The one huge thing everybody gets wrong about tablets

“The news Monday that tablet sales dropped off for the first time last quarter are bound to accelerate the ‘tablets are dead’ punditry we’ve seen around the web over the past few months,” Ben Bajarin writes for TIME Magazine. “But the vast majority of commentators writing about tablets get one big thing wrong: The tablet market isn’t one big market, it’s many small ones.”

“When many people think ‘tablet market,’ for instance, they think ‘iPad.’ But Apple’s iPad is only one kind of tablet. And still its performance gets lumped in with cheap kids’ tablets. The two are entirely different in their usage, yet spoken about without appreciation for each device’s key functionality,” Bajarin writes. “When I see a forecast saying the tablet segment will be up or down in 2015, I like to ask, “which segment?” Will gaming tablets be up or down? Computing tablets like the iPad? Tablets that get stuck on walls at retail? Which ones are growing and which are not? No good answer exists to these questions, because the people projecting these numbers aren’t looking at the market this way. That makes their predictions less valuable.”

Much more in the full article here.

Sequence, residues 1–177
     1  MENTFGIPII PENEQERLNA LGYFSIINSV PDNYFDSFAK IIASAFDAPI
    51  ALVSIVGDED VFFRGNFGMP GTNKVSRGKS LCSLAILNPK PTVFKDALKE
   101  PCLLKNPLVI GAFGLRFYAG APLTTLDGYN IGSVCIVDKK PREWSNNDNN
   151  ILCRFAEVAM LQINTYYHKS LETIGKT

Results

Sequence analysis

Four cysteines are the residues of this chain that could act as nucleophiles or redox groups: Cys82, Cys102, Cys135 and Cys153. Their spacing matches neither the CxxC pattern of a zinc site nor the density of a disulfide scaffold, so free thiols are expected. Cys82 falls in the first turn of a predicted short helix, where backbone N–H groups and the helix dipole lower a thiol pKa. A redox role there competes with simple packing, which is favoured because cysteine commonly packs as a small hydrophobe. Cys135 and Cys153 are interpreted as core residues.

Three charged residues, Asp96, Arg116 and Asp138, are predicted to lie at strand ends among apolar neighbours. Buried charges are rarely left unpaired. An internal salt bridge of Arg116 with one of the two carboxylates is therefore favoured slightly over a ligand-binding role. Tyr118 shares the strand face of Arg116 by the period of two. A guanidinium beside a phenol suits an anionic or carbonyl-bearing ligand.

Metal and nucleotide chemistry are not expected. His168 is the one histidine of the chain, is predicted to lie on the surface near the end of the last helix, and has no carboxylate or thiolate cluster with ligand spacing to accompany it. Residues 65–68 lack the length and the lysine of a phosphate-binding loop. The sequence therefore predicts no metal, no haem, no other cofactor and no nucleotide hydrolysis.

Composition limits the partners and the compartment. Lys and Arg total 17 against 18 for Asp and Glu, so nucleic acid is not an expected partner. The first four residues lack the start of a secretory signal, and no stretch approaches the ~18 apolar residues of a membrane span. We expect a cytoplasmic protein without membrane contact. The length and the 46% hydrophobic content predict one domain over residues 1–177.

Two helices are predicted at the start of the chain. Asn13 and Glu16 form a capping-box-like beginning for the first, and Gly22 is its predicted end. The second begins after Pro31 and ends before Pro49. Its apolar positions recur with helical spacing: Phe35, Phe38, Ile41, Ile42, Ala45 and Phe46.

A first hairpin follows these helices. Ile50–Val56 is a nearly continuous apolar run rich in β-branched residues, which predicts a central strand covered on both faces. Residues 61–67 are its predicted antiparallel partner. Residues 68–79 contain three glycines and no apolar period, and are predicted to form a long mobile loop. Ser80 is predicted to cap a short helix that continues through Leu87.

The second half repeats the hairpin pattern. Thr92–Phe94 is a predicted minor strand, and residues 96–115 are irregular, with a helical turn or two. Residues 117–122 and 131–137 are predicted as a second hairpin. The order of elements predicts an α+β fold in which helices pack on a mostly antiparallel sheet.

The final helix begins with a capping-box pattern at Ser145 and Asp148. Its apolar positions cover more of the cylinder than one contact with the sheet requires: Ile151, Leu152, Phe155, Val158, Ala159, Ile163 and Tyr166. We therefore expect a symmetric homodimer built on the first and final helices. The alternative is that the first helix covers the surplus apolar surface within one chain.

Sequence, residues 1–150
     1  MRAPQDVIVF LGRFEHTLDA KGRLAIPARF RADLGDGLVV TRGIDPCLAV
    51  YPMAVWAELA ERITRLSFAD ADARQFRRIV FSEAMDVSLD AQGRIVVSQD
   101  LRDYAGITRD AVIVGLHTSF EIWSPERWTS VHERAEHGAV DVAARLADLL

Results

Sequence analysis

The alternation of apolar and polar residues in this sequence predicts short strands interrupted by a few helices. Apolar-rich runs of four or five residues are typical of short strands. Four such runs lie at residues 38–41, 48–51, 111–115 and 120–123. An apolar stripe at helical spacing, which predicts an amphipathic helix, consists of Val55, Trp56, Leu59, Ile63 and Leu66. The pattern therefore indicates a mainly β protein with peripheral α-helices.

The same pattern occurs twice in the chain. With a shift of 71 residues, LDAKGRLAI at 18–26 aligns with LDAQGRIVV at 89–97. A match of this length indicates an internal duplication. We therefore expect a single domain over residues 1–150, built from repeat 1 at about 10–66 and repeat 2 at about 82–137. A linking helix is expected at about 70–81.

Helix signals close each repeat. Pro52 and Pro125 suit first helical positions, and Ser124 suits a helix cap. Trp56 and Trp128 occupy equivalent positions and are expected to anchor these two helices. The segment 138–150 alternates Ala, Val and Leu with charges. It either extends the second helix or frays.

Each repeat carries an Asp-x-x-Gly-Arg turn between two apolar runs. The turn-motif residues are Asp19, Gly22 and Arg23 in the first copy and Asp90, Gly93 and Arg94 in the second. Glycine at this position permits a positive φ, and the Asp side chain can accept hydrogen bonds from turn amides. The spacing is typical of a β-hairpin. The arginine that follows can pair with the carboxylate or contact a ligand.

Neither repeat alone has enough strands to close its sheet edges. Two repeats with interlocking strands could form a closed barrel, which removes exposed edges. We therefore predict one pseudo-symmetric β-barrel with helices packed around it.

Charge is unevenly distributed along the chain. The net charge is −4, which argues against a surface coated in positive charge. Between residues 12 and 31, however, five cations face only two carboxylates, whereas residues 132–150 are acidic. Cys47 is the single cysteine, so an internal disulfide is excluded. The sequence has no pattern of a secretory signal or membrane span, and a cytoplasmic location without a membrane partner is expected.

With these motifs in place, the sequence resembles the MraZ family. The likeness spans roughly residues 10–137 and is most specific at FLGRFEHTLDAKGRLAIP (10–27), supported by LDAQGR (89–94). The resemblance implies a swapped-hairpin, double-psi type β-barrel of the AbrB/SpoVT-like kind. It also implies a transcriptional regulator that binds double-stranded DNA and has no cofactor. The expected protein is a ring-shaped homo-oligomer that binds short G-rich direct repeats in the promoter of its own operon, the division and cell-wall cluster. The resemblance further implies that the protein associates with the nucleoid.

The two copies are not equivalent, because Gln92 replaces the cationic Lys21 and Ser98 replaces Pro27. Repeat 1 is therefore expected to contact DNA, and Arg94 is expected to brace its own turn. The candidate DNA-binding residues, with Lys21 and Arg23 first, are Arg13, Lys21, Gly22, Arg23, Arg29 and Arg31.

1. But, “lumping all the different categories of tablets together” serves the statistical manipulators such as IDC & Strategy Analytics well as they generate favourable charts for their customers, when they want to show iPad share as slipping off a cliff!

  2. Another thing is that iPads are built to last. Both on the hardware and software side of things… Much like a full blown laptop is.

    Can’t really say that about the competition, since most of them rely on off the shelf components, and somebody else to create the software. Kinda hard to lay out a reliable road map when you aren’t the one responsible for following it through.

    It’s also apparent that iPads (and their knock off companions) aren’t treated as “semi-disposable” like many phones are (iPhones included). They don’t get out as much, and when they’re dropped there’s usually some sort of pillow or carpet involved. Again, much like a laptop.

  3. The concept is good, but he fails on his categories. You have the PC tablets that Microsoft has been pushing for a decade. they’re basically laptops with touch screens. Designed for the high-end laptop market. You have mobile tablets like the iPad. They’re lightweight, easy to handle, and have the option of cellular service. Great for the workforce where laptops are impractical. Then you have devices that use tablet technology but they’re really only good for about one or two purposes; like e-readers or toys. Then you have junk that make people who buy them that make the people who buy them think that tablets think that tablets are useless. However IDC loves these because it keeps the iPad’s market share low.

  4. The one huge thing everybody gets wrong about tablets is that people don’t buy them like they buy smartphones. You don’t get a new tablet every other year. You buy one when your current one isn’t doing the job yet. You should expect a refresh cycle similar to Macs.


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